Conrad Black: Canada suffers from unimaginative government. Here are some radical ideas
Canada is suffering from a prolonged drought of imaginative government. Nothing important and novel has been done except the unfolding legalization of marijuana
Canada is suffering from a prolonged drought of imaginative government. Since Stephen Harper bucked an otherwise universal international trend and reduced HST, and durably shrunk, as he hoped, the public sector share of the Canadian economy, our federal legislators have under-achieved. Nothing important and novel has been done except the unfolding legalization of marijuana.
There is no serious discussion of health-care reform, though Canada is one of the few countries in the world that claims to ban private medicine. We are in fact rationing medical care for many victims of chronic health problems, and have failed to advance any policy option except throwing more tax-paid funds at the question.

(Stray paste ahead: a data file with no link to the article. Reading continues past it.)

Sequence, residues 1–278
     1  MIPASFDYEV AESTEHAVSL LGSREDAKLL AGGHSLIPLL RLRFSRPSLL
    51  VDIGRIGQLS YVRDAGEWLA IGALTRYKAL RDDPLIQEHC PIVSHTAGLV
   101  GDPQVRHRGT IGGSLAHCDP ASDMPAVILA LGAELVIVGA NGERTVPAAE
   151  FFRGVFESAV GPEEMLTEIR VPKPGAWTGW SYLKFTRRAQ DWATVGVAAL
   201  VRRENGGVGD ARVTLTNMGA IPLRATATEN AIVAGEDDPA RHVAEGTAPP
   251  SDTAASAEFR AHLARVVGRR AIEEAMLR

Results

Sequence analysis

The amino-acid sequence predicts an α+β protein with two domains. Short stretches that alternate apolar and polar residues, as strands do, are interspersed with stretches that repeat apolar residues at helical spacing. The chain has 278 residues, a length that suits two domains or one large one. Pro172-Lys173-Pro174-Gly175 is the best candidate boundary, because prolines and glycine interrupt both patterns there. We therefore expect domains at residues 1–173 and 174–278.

There is no known discussion of a constitutional update, although Quebec has elected the most avowedly federalist government since Jean Lesage, if not Maurice Duplessis, and has said it is ready to negotiate its approval of the Constitution, which was left hanging after the failure to adopt Meech Lake.
There is no approach to taxing and spending except raising both, and no discussion of penal reform, though at least the Javert-like severity of the Harper-Toews tyranny has abated. There has been no attempt to make welfare and poverty-reduction more effective, and, as was recently mentioned here, all that has happened with the aboriginals is to dismantle the commendable Harper government requirement for accountability of the native governments and leaders — thereby providing some of their leaders with a blank cheque to go on squandering billions of dollars devoted to that population, which deserves better, but not necessarily more mis-invested money.